In the absence of a democratically-elected authority, capable of ruling in the public interest, the people who tend to call the shots are those who are powerful. And in our world, power means money. Most of us don’t have much in the way of disposable income. And we’d have far, far less in a system where we were all on our own and had no way of pooling common resources.
The result is that the overwhelming majority of our population would be, at a stroke, written out of the political process. Sure, we could still vote. But in Paul’s world, our representatives wouldn’t be allowed to do anything useful, because the private sector would be taking care of things. This means that insurance industries would run the healthcare sector, polluters and extractors would take care of energy and environmental policy, the banks would run the economy, big business would manage the workplace, and the arms industry would govern our relations with the rest of the world.
In the U.S., because of our weak public sphere, we have a pretty good idea what a moderated version of this world would look like: it’s the one that crashed our economy, made us dependent on harmful fossil fuels, got us into wars abroad, stripped away workers’ rights, and gave us the highest medical costs and poorest healthcare in the developed world. Now imagine how bad things could get if there were no checks whatsoever on these interests.
So why is Rand Paul pretending that we are incapable of distinguishing good from bad? Why is he selling this lie that “government” is inherently one of the world’s Bad Things, and is incapable of helping people when most of us benefit from public services and collective investments on a daily basis? Why must we not only strip the CIA of its right to murder people, but also the ability of other sectors of government to do things which help people to survive and succeed?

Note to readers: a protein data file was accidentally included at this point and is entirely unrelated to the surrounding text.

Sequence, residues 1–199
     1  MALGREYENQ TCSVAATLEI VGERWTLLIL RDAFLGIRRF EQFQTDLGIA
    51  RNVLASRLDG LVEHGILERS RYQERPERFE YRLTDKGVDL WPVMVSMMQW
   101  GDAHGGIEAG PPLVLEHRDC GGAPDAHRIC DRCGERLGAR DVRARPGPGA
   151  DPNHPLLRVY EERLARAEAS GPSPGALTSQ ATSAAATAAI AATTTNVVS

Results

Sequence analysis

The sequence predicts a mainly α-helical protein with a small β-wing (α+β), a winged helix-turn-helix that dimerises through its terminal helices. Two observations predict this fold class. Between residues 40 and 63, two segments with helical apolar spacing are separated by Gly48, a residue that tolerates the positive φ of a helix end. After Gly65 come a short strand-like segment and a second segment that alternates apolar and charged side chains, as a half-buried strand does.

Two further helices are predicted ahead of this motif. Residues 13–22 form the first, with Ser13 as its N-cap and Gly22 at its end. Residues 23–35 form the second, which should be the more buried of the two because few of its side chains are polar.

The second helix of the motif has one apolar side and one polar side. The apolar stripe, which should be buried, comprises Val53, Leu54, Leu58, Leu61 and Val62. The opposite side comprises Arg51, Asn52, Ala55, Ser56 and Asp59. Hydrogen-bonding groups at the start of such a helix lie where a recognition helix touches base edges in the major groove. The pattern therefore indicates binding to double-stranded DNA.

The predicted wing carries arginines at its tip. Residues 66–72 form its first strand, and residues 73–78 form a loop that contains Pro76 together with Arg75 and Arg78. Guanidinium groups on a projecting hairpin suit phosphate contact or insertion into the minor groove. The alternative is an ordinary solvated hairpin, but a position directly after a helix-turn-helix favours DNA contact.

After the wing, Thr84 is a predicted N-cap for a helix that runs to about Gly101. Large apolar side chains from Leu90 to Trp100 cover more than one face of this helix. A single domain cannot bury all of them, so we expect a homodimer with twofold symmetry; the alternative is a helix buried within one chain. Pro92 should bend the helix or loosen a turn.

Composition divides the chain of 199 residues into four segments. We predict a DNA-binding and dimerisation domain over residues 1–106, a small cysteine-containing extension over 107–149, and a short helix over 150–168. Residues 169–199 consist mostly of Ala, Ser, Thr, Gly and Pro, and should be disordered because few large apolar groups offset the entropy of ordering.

One conclusion would be that Paul is stupid. This is clearly not the case, although he obviously hopes that many of his potential supporters are.
Another interpretation is that he is working out of malice, and that his concern for civil liberties is simply for show. It could be argued that he is mostly interested in advancing a right-wing economic agenda, backed by a combination of hardcore ideologues and the Koch Empire and its ilk. Paul, remember, is the man who would repeal the Civil Rights Act because it prevented businesses from discriminating, and is okay with our fellow global citizens being murdered by the intelligence agencies he purports to abhor.
At the end of the day, what use are civil liberties which exist only on paper, unenforceable because the government is too weak to enforce them after power has been ceded to the plutocrats?
Paul’s “freedoms” are of a very hollow sort. So long as you stay in the United States, you won’t be killed by a drone or have your e-mail read. You probably won’t pay taxes. But you’ll also be free to get sick and not afford to see a doctor. You’ll be free to get mugged by economic gangsters, and pushed to the ground, kicked, and not ever get back on your feet. You’ll be free to be priced out of an education. You’ll be free to struggle and fail if you and your family don’t have personal resources. You’ll be free to be exploited by your employer, because there will be no rules, and no floor for the labour market. You’ll be free to drink whatever water Big Ag thinks is safe. And you’ll be free to be unemployed and find neither sympathy nor support from your society.
Rand Paul sees a happy ending somewhere, amidst all of these freedoms. I see a man who is pretending that we are incapable of creating a sophisticated society which looks after its own while behaving morally and respecting the rights of citizens.
Rand Paul might not be able to walk and chew gum at the same time. But I’m pretty sure the rest of us can. Which seems as good an argument as any for writing this manipulative cynic out of the running when it comes to selecting national leaders.